How Does Man ‘Restore’ the Sports Fish in the Vast Oceans with Fishing Licensing? | James Pat Guerréro

In Florida it is quite refreshing to read that State Senator Joe Negron (R-Stuart) is making the proposal to drop fishing licensing. The idea is to get the government out of control. There is no reason to control fishing anyway, and the state’s general revenue fund can fund the programs that are now funded by fishing licensing. The assertions, not facts, made by the opposition are as follows.

Assertion 1: Florida Fish and Wildlife Conservation Commission says: There will be a loss of $45 million in next year fiscal revenue! The money breaks down as quoted. Notice $13,138,412 is from federal aid – sports fish restoration. Hmmm, how does man “restore” the sports fish in the vast oceans?

Fishing license sales and federal aid received as a result of fishing licenses will total about $45,229,260 in fiscal 2011-12, according to the Florida Fish and Wildlife Conservation Commission. Of that, $9,078,257 is from freshwater licenses, $23,012,591 from saltwater licenses and the balance from sports fish restoration federal aid, which requires evidence of paid licenses.

Assertion 2: Coastal Conservation Association Florida says: Absolutely no go! Losing all the environmental causes (and benefits) to finance! (There is no information at this time about what monies this Association loses – lobbying money perhaps.)

Loss of tax revenue and federal aid and aid to lobbyists are not reasons to collect fishing licensing taxes and benefit from federal aid. There is no economic benefit to the state for doing this. There is no procedure improved. There is no regulation needed to make one more responsible.  But what is a loss is the existence of bureaucracy being. The government now must go away; it has served its purpose – and the service is no longer needed. Since there are no neighborhood effects, then the private sector can benefit particular environmental causes: the money does not need to flow through government to achieve a better environmental effect.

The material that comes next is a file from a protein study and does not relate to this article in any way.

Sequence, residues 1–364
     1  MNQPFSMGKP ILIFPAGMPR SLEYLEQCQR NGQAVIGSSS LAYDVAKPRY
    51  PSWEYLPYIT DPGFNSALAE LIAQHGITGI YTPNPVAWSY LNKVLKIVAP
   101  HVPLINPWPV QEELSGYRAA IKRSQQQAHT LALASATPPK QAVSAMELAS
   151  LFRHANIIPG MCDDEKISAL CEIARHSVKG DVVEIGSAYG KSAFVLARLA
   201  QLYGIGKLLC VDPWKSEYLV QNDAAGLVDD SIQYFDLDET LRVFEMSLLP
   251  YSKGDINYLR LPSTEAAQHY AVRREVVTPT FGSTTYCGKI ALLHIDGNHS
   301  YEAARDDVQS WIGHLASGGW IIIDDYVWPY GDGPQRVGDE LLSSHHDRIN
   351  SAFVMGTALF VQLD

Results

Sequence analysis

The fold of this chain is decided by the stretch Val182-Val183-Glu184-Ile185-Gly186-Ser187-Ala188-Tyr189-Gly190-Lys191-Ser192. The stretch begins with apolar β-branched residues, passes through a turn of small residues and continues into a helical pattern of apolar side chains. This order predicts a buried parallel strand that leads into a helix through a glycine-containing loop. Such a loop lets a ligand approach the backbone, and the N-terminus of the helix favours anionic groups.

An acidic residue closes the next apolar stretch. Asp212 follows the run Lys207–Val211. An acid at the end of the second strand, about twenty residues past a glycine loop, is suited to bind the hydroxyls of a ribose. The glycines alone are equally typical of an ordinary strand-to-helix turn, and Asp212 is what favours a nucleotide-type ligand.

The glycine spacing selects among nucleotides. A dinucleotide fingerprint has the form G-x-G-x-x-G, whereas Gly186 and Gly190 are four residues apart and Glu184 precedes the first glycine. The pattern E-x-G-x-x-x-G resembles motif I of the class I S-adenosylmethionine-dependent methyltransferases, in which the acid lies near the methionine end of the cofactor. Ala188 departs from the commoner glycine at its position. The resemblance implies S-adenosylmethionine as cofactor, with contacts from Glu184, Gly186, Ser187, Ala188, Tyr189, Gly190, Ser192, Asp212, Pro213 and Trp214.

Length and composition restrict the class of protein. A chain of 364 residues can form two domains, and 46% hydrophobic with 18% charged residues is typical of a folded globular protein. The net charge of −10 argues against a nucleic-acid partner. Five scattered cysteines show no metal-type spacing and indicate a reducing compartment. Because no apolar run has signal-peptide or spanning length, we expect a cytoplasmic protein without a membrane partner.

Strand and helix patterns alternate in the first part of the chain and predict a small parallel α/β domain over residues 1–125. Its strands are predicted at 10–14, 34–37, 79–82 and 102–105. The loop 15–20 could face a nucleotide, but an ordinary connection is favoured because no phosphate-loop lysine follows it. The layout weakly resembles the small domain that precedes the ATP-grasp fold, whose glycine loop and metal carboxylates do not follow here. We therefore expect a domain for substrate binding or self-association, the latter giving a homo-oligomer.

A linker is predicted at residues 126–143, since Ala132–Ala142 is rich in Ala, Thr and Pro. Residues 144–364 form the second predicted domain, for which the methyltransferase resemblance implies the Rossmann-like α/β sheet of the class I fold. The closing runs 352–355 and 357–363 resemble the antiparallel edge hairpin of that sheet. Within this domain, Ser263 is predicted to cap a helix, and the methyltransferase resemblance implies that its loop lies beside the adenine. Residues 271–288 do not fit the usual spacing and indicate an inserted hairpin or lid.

State Rep. Matt Hudson (R-Naples) also supports this bill. Good. There is no sponsor, yet, but it is good thinking on the part of the Senator, who also proposes to supplant the licensing revenue with revenue from the state general fund. Private support groups within the state can and shall benefit the legitimate environmental programs of interest.

Read More: Proposal to eliminate Florida fishing licenses catches anglers’ attention POLL/PHOTOS » Naples Daily News.


Black Bear Dies in the Line of Duty | James Pat Guerrero

Florida Fish and Wildlife Conservation Commission (FWC) arrested Ryan G. Toranzo of 3600 block of 18th Avenue Southeast, Naples, Florida, for the charge of killing a black bear on Monday night. According to FWC, Toranzo wasn’t taken into custody, although FWC charged him with various state felonies. One of the charges is discharging a fireman in a public place. But since the FWC investigation is ongoing, Naples Daily News is unclear exactly where Toranzo allegedly killed the bear. FWC Gabriella Ferraro spokeswoman and Lt. Mark Mahoney made the FWC statements.

For more reading: UPDATE: Man charged with killing bear in Estates neighborhood » Naples Daily News.